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invariably reflect equilibrium play. However, we do not expect theories to make exact predictions. How close is close enough? When are experimental results within the margin of approximation that is inevitably built into a theory, and when do they indicate that the theory is on the wrong track? There is typically no obvious standard for answering these questions. One can then imagine Davis and Holt’s summary figure (Figure 5.6) being regarded as evidence for both the success and the failure of conventional bargaining models, depending upon one’s point of view. A return to the theory is again helpful, this time with an eye toward finding within the theory some guide for evaluating the experimental results. Glen W. Harrison (1989, 1992) (see also Robert Drago and John S. Heywood [1989]) suggests one approach. A cornerstone of the relevant theory is that people maximize their expected payoffs. In light of this, a natural measure for evaluating the theory is the payoff losses subjects incur as a result of not behaving as predicted. The larger are these losses, the stronger is the evidence that the theory has missed something. Harrison argues that in the case of auctions, seemingly large departures from equilibrium behavior often translate into very small payoff losses, suggesting that the contrast between theory and behavior is not nearly as large as it first appears. Drew Fudenberg and David K. Levine (1997) turn a similar eye toward a variety of other games, including the ultimatum game. They find that behavior in many of these games is consistent with subjects’ holding beliefs about others’ behavior that is consistent with their experience and against which they suffer relatively small payoff losses. This again suggests that the theory may capture important elements of behavior, despite seemingly unencouraging experimental results. At the same time, however, payoff losses in the ultimatum game are relatively large compared to many other experiments. Rejecting an offer often involves a significant sacrifice, regardless of what one believes about how others are playing. It is

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then harder to argue here that one can rationalize nonequilibrium behavior simply by arguing that the players are nonetheless achieving approximately equilibrium payoffs. Binmore, John Gale, and Larry Samuelson (1995) and Alvin E. Roth and Ido Erev (1995) suggest an alternative approach to assessing how close observed behavior is to the predictions of the theory. Why should we expect equilibrium behavior in the first place? The traditional answer in economics is not that equilibria spring to life as a result of sheer calculation or external organization, but rather that behavior is pushed toward equilibrium by an adjustment or learning process that continually puts pressure on players to alter nonequilibrium behavior. Adopting this view, how strong are the incentives for players to adjust nonequilibrium behavior in simple bargaining games?4 The stronger are these incentives, the stronger is the experimental evidence that the theory has missed something. In the case of bargaining games, it turns out that these incentives can be quite weak. Even small amounts of noise or imperfection can cause the learning process to get stuck, for long or even indefinite periods of time, far away from a neighborhood of the subgame-perfect equilibrium. We thus again have a suggestion that the observed behavior may not be too far from equilibrium, by at least one measure of “too far.” Motivated by similar considerations, a literature on learning and its relationship to experimental behavior has developed.5 However, two difficulties now arise. First, 4 In spirit, this is close to asking how far realized payoffs fall short of the payoffs that could be obtained by playing a best response. The difference is that the incentives for adjusting one’s behavior are now taken to be not the payoffs promised by perfect optimization, but rather the incentives to pursue the potentially imperfect learning process that shapes behavior. 5 See Camerer (2003) and Drew Fudenberg and David K. Levine (1998) for examples. Raymond Battalio, Samuelson, and John Van Huyck (2001) report an experiment linking the speed of learning and the incentives for adjusting one’s strategy, providing some hint that learning can be important.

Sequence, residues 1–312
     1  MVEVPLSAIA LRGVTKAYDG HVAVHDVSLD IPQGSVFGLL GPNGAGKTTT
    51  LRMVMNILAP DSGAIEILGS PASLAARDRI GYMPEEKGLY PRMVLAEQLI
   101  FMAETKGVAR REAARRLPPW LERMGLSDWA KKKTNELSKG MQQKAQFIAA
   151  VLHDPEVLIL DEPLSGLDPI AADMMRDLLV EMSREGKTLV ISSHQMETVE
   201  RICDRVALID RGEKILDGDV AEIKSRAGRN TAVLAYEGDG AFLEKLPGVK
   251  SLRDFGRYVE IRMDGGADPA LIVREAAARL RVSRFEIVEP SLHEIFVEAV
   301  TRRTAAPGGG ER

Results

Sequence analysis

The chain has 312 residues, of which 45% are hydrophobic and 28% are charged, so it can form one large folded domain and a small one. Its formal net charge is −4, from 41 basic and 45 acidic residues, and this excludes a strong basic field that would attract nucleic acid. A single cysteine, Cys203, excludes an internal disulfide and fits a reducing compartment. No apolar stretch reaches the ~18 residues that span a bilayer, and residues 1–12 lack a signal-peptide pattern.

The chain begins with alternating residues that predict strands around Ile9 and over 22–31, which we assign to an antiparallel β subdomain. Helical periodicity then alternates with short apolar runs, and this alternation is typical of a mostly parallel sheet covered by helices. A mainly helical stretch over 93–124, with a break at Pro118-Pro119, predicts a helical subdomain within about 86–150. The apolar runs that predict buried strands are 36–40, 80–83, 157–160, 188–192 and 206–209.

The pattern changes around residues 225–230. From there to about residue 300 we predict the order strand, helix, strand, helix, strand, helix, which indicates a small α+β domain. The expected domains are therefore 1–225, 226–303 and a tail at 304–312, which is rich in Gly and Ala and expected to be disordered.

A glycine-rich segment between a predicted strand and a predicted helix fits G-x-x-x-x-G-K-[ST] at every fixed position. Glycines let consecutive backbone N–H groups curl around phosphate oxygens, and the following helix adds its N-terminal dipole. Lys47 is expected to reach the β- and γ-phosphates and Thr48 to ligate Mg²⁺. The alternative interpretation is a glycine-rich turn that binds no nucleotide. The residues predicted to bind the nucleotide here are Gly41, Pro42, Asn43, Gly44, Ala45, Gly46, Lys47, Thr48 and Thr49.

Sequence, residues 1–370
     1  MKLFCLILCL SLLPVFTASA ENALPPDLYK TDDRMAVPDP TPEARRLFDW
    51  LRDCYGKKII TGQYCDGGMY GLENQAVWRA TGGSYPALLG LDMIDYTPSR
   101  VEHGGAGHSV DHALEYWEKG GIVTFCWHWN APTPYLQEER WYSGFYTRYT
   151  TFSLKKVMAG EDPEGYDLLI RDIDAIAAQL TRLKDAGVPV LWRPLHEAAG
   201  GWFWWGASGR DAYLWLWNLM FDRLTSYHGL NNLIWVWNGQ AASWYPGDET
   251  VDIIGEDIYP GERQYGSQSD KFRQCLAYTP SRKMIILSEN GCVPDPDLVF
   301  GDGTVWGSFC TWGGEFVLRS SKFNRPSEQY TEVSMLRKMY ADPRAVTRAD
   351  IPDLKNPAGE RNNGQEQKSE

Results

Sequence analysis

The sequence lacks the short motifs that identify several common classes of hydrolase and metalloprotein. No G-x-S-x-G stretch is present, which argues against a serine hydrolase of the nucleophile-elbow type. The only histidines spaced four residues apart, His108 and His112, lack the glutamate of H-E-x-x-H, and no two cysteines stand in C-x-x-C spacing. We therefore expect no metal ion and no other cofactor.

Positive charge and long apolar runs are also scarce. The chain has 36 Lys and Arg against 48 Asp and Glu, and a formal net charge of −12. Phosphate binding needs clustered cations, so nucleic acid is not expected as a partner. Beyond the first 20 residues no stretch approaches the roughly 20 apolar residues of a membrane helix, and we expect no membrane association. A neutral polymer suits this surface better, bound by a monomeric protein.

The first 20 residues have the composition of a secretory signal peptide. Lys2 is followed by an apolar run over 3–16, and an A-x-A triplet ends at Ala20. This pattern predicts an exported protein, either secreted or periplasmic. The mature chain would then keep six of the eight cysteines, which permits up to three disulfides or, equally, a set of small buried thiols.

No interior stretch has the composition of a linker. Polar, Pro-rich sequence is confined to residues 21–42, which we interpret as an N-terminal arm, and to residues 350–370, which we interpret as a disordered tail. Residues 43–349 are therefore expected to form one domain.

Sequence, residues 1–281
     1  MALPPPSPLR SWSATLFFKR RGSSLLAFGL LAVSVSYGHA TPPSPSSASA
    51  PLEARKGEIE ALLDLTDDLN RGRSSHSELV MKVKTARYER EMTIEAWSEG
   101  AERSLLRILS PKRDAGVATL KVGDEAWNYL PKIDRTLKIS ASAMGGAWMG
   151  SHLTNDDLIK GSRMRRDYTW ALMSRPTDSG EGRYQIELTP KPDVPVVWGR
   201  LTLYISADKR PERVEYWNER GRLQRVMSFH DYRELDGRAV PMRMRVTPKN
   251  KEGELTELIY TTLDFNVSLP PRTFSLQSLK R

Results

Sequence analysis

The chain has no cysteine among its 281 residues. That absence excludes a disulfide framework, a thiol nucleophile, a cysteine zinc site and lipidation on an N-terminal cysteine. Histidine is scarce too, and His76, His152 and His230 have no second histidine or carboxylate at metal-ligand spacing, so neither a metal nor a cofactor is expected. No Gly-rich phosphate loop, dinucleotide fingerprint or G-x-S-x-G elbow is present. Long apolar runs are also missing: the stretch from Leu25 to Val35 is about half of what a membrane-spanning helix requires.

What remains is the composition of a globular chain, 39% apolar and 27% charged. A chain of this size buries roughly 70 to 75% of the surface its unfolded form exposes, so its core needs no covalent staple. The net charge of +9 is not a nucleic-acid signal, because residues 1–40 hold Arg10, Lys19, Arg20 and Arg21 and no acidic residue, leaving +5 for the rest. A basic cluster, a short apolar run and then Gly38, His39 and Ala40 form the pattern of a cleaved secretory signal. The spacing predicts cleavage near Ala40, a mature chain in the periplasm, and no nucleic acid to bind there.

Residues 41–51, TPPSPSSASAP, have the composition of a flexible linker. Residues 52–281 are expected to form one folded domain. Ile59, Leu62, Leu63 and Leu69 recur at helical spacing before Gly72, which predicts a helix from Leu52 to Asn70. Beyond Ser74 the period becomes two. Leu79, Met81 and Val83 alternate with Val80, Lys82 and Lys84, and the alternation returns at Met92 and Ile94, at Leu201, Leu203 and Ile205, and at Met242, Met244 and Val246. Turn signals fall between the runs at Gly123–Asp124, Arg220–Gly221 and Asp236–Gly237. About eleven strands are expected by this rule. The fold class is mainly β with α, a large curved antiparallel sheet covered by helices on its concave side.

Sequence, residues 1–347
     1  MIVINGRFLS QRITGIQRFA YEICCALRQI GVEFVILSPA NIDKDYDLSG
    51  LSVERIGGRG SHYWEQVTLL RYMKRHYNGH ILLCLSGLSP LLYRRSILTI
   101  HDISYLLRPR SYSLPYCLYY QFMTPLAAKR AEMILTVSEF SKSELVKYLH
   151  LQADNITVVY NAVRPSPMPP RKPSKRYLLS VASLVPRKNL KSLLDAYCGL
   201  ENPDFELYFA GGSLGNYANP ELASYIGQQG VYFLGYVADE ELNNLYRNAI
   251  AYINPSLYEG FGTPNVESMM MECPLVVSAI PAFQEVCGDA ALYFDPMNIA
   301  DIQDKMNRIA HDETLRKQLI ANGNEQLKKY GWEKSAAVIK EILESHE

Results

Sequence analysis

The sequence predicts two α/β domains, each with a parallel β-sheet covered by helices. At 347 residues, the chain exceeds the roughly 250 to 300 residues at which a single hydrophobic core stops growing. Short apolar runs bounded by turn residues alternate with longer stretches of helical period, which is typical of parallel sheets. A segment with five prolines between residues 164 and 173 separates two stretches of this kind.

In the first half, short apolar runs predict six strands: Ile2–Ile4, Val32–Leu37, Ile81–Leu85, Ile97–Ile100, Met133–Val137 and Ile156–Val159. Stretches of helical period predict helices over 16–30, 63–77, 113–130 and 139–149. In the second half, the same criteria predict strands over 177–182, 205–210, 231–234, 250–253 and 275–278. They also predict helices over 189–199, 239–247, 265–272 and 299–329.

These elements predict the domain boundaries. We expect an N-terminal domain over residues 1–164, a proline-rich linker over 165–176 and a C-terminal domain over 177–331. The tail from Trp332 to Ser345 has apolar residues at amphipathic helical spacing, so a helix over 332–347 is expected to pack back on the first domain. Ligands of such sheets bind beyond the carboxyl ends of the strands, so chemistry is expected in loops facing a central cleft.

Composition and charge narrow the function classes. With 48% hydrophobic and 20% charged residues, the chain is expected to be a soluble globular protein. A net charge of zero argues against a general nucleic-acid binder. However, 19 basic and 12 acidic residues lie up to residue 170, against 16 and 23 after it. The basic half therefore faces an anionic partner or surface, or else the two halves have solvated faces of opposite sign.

what can the subjects, especially responders, possibly have to learn in a game so simple as the ultimatum game? Without a clear answer to this question, learning models are difficult to interpret. We return to this question in section 5. Second, learning theories have proven to be cumbersome tools with which to examine strategic interactions. A successful theory trades off its explanatory power with its ease of use. It has not been easy to formulate learning models that rival equilibrium theories in terms of readily yielding sharp predictions.6 Perhaps one should view the connection between theory and experiment differently. Instead of asking whether the theory gets the behavior right, and then wrangling over how the distance between experimental and theoretical outcomes is to be measured and interpreted, let us ask whether the theory captures the important considerations shaping the behavior. This directs attention away from the point predictions of the theory and toward its comparative statics. For example, experimental behavior that consistently responds to changes in discount rates as predicted by the theory of bargaining might lead us to believe that the theory has identified an important role for impatience in shaping behavior, even if the theory is not complete enough to capture every aspect of behavior. This emphasis on comparative statics pushes experimental analysis closer to methods familiar in other areas of economics. The results in this respect for bargaining theory are mixed. For example, Binmore, Peter Morgan, Shaked, and Sutton (1991) and Binmore, Shaked, and Sutton (1989) report experiments in which behavior responds to the difference between a voluntarily exercised and involuntarily exercised outside option in a direction consistent with theoretical predictions. However, Jack Ochs 6 Ed Hopkins (2002) provides an indication of why it can be difficult to identify the learning process behind experimental behavior.